• presentation of epitope for T helper cell (not necessarily the same epitope)
    • B cell expresses costimulators for T cell activation like B7
    • T cell recognizes antigen
    • B cell has CD40 that binds to CD40 ligand on T cell when they come together, CD40 ligand is only expressed when the T cell becomes activated by binding the antigen
    • in response T cell secretes cytokines to B cell to induce B cell proliferation and differentiation (promotes isotype switching) and becomes plasma cell
  30. Higher affinity B cells
    • via heavy and light chain mutations associated with long time of exposure to antigen
    • follicular dendritic cells trap antigens so that they cannot circulate
    • high affinity B cells can pull these away to the germinal center
  31. Termination of B cell activation
    • Fc receptors block activating signals from antigen receptor when it binds antigen
    • the bound antigen probably has secreted IgG bound as well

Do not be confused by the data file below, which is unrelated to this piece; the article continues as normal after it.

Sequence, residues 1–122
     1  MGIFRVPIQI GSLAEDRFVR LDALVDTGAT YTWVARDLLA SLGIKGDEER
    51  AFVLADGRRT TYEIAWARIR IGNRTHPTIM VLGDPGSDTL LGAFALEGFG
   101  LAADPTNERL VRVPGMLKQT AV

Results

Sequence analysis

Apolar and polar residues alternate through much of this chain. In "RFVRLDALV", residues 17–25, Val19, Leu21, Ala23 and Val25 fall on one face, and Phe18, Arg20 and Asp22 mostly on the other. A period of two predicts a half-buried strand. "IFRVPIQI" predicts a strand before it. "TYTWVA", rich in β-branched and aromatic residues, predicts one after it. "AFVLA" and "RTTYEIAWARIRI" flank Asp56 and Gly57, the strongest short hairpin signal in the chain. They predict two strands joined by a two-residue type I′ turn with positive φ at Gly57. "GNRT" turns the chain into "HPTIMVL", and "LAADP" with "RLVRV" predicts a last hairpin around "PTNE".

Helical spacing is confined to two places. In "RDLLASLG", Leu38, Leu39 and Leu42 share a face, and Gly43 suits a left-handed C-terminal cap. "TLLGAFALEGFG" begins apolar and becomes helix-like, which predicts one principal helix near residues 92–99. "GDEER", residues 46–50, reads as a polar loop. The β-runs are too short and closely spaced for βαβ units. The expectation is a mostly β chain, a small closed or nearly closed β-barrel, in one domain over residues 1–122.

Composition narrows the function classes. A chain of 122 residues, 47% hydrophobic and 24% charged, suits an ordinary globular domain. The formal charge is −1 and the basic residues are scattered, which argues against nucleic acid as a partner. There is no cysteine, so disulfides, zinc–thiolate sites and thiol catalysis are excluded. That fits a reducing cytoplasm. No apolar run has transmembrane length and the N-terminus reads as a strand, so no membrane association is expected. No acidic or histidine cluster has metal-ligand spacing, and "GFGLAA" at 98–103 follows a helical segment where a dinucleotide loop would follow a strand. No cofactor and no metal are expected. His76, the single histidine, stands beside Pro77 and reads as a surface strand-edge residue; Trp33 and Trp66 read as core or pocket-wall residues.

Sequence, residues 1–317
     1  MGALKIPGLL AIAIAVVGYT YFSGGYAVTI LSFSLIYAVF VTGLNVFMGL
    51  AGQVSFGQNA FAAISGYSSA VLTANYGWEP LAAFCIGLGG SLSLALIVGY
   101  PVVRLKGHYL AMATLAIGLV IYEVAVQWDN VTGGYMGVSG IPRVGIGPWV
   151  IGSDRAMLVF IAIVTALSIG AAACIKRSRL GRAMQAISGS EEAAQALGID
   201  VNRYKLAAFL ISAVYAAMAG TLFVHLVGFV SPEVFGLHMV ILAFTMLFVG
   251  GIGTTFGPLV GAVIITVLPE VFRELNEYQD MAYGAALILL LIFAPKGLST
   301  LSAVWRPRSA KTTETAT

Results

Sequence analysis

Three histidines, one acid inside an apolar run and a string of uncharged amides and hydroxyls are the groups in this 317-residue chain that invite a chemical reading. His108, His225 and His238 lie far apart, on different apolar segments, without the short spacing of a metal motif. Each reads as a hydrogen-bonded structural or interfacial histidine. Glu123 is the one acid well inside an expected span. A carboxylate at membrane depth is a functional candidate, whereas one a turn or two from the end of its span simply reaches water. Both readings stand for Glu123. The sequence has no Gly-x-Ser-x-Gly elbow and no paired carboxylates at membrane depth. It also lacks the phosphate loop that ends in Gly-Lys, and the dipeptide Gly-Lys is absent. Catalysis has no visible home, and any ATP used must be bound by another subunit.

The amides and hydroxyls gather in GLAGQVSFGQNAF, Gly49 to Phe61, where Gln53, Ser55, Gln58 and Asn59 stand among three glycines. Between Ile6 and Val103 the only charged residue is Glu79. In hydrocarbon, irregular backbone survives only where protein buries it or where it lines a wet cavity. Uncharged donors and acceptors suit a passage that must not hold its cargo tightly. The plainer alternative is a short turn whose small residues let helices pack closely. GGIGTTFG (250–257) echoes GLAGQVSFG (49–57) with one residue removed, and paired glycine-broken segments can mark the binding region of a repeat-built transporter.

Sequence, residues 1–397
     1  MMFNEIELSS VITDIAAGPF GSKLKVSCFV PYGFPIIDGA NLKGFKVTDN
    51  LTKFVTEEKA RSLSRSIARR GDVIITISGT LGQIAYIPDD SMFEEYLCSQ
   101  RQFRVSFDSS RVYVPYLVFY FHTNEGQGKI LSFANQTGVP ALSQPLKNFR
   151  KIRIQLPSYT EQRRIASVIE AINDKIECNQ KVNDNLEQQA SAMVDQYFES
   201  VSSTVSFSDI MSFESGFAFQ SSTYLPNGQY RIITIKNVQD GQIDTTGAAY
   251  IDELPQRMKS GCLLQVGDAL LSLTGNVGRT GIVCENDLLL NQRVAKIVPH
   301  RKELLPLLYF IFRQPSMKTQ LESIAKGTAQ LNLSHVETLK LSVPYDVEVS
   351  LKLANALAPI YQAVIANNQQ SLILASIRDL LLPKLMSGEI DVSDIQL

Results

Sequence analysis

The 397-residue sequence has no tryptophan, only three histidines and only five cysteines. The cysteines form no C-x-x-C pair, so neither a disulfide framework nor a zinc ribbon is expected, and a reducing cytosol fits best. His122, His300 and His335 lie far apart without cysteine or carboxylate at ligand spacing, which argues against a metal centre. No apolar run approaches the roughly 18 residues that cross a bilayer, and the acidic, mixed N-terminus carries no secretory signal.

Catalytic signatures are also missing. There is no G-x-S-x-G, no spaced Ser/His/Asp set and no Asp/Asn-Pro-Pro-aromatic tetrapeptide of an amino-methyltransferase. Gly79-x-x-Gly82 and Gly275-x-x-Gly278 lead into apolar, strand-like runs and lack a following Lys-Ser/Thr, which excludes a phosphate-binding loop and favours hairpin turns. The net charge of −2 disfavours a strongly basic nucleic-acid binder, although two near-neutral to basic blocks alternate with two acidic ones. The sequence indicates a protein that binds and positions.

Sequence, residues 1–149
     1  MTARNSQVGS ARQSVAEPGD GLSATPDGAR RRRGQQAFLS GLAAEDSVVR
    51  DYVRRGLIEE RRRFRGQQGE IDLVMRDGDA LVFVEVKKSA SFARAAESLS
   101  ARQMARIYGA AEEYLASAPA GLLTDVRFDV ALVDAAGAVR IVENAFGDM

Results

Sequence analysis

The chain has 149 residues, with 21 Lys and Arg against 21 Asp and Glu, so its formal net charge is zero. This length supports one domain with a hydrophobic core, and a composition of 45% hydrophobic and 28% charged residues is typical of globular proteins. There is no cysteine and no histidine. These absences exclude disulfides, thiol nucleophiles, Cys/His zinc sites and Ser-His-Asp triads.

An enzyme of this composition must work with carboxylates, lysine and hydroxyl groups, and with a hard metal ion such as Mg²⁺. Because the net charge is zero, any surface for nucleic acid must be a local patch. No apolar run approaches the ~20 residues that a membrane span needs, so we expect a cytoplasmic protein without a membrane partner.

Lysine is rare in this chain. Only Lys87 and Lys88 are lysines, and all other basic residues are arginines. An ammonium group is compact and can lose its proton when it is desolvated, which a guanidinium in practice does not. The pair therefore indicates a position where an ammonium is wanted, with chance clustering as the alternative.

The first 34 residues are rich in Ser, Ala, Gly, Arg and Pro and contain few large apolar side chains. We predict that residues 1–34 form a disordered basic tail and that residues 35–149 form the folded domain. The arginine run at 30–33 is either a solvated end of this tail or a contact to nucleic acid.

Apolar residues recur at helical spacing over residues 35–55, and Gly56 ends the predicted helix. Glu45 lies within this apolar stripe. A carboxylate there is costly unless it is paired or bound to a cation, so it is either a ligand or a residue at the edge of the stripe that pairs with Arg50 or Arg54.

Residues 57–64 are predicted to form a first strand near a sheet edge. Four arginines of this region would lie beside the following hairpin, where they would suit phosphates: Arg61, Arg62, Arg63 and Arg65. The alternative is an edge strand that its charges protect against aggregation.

• Fc receptor activates a phosphatase to kill the kinase activity and inhibit pathway via immunoreceptor tyrosine-based inhibition motif (ITIM)
  32. B cell subsets
    • Follicular B cell in germinal center specifically do isotype switching, high affinity, and live long plasma cells
    • marginal zone B cells in lymph organs recognize polysaccharides, lipids etc, mainly IgM and short lived plasma cells
    • B-1 B cells same as marginal but live in mucosal tissues and peritoneal cavity
  33. Secondary antibody response
    • memory B cells set higher antibody baseline
    • faster expansion and a higher antibody concentration at peak